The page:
It’s no mistake that, given the lack of an adequate analysis and mitigation for traffic safety issues in the planning process, first priority was that requirement for a traffic safety analysis with mitigations be first reviewed by neighbors before store opening with final determinations made by the Planning Director so that they could be implemented as part of tenant occupancy improvements.

We invited Senior Planner Hector Lopez to the March meeting expecting that a traffic safety study would be completed to be reviewed. However, we received an email back indicating that the City does not yet have a traffic safety study and suggesting that the Dollar Tree corporation would be doing it. We believe this contradicts the intent of a new requirement added into the Conditional Use Permit (CUP) to have a traffic safety completed, reviewed by neighbors, specified by the Planning Director, and implemented with any construction on the site.

How Dollar Tree passed: Zoning basically allows private property owners to develop and occupy properties with certain uses, except that certain reasonable conditions can be applied to foster compatible development between different uses that is consistent with the city’s General Plan. It was also visibly evident to everyone involved in this that the owners were represented by an attorney at every step.

In other words, despite overwhelming opposition from East Richmond residents, unless there’s an ordinance against dollar stores in place, the City has very little to no power to prevent Dollar Tree from ultimately moving in, and refusing their business could potentially open the City to a lawsuit.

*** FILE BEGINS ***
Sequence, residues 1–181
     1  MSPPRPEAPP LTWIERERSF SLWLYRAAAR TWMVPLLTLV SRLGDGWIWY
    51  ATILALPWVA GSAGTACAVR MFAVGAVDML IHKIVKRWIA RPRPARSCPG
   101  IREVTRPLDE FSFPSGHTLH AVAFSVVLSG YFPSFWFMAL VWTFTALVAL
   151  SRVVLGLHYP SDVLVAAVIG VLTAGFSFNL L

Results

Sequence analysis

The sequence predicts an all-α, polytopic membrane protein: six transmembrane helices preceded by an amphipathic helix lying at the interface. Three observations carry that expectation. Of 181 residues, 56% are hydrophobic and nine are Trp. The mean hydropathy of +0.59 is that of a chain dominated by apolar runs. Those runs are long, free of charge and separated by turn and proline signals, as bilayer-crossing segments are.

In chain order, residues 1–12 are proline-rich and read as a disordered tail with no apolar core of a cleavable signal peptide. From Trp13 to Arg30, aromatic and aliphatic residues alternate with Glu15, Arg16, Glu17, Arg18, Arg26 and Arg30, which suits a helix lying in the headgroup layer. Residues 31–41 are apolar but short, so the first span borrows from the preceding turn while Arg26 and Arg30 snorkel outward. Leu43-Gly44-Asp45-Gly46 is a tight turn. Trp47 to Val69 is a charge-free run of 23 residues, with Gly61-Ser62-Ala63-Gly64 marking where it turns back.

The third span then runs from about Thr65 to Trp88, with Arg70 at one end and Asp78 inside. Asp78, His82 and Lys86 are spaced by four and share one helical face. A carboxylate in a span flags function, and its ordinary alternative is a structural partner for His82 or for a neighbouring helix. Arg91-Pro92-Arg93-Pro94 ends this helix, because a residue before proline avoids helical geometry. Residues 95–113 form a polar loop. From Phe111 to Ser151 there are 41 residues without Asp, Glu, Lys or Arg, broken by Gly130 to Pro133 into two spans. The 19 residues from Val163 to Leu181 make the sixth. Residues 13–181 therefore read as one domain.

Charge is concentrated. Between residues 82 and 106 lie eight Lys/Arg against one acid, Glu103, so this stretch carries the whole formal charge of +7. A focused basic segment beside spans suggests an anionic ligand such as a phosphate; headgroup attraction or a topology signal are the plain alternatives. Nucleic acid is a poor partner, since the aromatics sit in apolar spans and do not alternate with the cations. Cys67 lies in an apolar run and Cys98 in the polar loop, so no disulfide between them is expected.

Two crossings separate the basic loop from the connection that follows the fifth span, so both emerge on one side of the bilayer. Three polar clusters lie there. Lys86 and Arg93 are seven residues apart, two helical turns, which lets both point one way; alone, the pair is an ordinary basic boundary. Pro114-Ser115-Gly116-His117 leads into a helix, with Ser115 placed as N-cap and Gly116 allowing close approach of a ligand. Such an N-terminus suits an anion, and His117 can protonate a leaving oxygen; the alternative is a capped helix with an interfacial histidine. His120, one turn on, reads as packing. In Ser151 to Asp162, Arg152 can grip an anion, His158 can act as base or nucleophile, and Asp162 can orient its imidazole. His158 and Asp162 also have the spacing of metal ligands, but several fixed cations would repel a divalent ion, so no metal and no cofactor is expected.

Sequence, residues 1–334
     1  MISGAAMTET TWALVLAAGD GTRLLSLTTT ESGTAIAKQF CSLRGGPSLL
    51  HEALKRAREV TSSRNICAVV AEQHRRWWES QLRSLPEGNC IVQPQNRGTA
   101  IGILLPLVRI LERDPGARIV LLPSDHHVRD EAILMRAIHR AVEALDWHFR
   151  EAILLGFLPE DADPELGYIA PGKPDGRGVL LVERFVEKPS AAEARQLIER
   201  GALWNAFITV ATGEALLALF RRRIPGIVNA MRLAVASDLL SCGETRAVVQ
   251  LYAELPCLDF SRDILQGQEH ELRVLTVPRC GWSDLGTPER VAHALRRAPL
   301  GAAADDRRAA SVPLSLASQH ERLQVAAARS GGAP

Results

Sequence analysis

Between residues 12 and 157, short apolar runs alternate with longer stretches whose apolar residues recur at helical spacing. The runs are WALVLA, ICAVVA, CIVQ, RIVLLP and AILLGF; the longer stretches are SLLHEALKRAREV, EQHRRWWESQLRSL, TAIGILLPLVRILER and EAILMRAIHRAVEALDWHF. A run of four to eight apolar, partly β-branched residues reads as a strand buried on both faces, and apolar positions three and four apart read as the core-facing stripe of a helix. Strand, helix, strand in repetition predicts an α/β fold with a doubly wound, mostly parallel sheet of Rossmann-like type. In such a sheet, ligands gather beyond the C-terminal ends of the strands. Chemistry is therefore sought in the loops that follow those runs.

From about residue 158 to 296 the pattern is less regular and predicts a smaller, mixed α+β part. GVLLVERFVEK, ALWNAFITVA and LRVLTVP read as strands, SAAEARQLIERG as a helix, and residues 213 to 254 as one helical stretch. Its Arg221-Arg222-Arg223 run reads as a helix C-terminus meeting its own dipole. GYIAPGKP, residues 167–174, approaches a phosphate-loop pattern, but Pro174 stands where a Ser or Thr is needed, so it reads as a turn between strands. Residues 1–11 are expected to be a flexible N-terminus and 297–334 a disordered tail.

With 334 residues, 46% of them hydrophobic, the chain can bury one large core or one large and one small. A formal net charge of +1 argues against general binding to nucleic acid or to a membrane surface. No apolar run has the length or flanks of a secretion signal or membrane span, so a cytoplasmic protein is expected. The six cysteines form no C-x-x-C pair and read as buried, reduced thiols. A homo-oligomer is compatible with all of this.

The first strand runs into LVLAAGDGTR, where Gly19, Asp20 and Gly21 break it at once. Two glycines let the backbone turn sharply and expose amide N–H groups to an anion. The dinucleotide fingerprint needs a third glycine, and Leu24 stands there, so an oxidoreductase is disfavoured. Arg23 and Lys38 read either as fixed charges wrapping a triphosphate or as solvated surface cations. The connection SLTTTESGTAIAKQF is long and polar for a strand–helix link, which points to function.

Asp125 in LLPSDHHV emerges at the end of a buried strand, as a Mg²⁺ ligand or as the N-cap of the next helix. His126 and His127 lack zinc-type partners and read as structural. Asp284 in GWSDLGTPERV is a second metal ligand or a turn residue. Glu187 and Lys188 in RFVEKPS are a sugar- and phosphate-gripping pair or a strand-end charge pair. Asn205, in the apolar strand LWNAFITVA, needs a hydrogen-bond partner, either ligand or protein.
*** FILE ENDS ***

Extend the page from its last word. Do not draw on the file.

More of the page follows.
Barring an ordinance, if a property has been zoned for a certain use, the only power the City (and Neighborhood Council) ultimately has is: 1) a Conditional Use Permit with very specific conditions that need to be met to proceed and stay in operation, which can be reopened at any point in the future if Conditions do not continue to be met after the store opens; 2) As a group of neighborhood council members, push City Council for a moratorium on any new dollar stores, to prevent this from happening again nearby (or again in this location, particularly if the Dollar Tree leaves or goes out of business).

Dollar Tree Follow-up Meeting

On April 9, 2024  East Richmond Neighborhood Council officers Jim Hanson, Nick Despota, and Heather Bristow met with Planning Director Lina Velasco and Senior Planner Hector Lopez and with Councilmember Claudia Jiminez at city offices to discuss unmet conditions of the Dollar Tree CUP. We added some new requests in light of the City permitting the Dollar Tree to proceed with construction absent traffic safety measures reviewed the Neighborhood Council, mandated by the Planning Director, and in place as part of any tenant occupancy improvements: